Venus and Serena Williams share a laugh after an exhibition match in Medellin,… (Raul Arboleda A FP / Getty…)
The Australian Open begins Monday in Melbourne (Sunday in the U.S.) and the injury scorecard is already cluttered before the season's first major.
Serena Williams has already hurt her ankle and Venus Williams didn't make the trip to Australia as she deals with an autoimmune disorder that she disclosed at the 2011 U.S. Open.
Roger Federer has been spotted clutching at his achy back. Rafael Nadal has been seen using a bag with wheels to cart around his tennis gear instead of slinging one over a sore shoulder.
Caroline Wozniacki has had an MRI exam of her wrist and Kim Clijsters missed a practice session, possibly because of a pain in her hip. Tenth-ranked Andrea Petkovic is already gone, having been diagnosed with a stress fracture in her back.
And Ivan Lendl is coaching Andy Murray now. Lendl was an iron man when he played, so maybe it's no coincidence that Murray seems to have no physical complaints.
Novak Djokovic, who finished last year with a 70-6 record and three of the four major titles, including the Australian, is seeded No. 1 in the men's draw and Wozniacki, who is ranked No. 1 in the world but has yet to win a major championship, is the top-seeded woman.
Clijsters, the defending women's champion, is seeded 11th and Serena Williams, who owns five Australian Open titles, is seeded 12th.
If there is a sentimental favorite it might be the 30-year-old Federer whose eight-year streak of winning at least one major championship ended last year.
But after Federer squandered two match points in the fifth set of his semifinal loss at the 2011 U.S. Open to Djokovic, he went on to finish the season with 17 straight wins, including titles at Basel, Switzerland, Paris and the ATP season-ending championships at London.
Federer, though, withdrew from the Qatar Open earlier this month because of a sore back. It was only the second time in his career Federer has withdrawn during an event.
Williams didn't play the Australian Open last year while she was recovering from a series of injuries and illnesses that kept her away from tennis for nearly 12 months.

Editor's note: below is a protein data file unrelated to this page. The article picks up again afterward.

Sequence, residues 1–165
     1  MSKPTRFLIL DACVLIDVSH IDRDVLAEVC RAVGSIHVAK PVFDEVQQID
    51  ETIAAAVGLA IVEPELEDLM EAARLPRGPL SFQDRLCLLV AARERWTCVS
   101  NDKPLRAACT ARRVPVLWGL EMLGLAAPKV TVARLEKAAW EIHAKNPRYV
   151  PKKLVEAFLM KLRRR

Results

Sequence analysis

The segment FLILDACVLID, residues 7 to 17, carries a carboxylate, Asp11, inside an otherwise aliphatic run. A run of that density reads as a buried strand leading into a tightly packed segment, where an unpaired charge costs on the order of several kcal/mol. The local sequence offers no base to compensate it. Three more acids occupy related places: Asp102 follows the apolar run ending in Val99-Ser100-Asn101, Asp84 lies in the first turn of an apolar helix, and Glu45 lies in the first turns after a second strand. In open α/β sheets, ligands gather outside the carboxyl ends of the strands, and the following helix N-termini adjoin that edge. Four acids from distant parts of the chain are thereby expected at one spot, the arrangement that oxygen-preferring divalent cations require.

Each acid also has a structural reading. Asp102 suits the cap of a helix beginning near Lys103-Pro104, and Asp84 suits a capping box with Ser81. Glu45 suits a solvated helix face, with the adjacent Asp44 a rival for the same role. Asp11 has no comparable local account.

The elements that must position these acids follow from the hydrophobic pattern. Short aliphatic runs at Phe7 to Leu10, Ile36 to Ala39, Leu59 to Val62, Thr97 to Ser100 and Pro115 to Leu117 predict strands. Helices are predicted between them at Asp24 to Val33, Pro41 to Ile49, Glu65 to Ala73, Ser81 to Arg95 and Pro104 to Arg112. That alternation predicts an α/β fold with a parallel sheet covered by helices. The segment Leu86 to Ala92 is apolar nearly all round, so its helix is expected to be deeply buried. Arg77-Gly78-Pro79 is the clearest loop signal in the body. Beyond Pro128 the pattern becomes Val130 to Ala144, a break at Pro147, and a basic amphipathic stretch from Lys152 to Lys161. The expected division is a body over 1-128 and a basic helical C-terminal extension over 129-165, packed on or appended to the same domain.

Her comeback to major tournaments almost ended spectacularly when Williams made it to the finals of the U.S. Open. But she was upset in by Australian Samantha Stosur. Then, in her first tournament since last September, Williams rolled an ankle this month during a match in Brisbane, Australia.
Williams, 30, is in Melbourne, though, and said she is hopeful of playing.
Chris Evert, who is doing commentary for TV coverage that begins at 3:30 p.m. PST Sunday on ESPN2, said she believes both Serena Williams and Federer have at least one more major championship victory run.
"Roger, for sure, you see the motivation," Evert said.
"The thing with Serena is she has to find her motivation. My motivation as I got older was my rivalry with Martina [Navratilova]. Serena hasn't had anyone to motivate her for a while, no real rivalry after Justine Henin retired. That fuels the fire, when you have a competitor."
Hard-hitting 21-year-old Petra Kvitova from the Czech Republic, who won Wimbledon last year and who could take over the No. 1 ranking from Wozniacki by the end of the Australian Open, is healthy and is coming off a breakout season in which she won six tournaments, including her first major at Wimbledon and the season-ending WTA Championships at Istanbul, Turkey.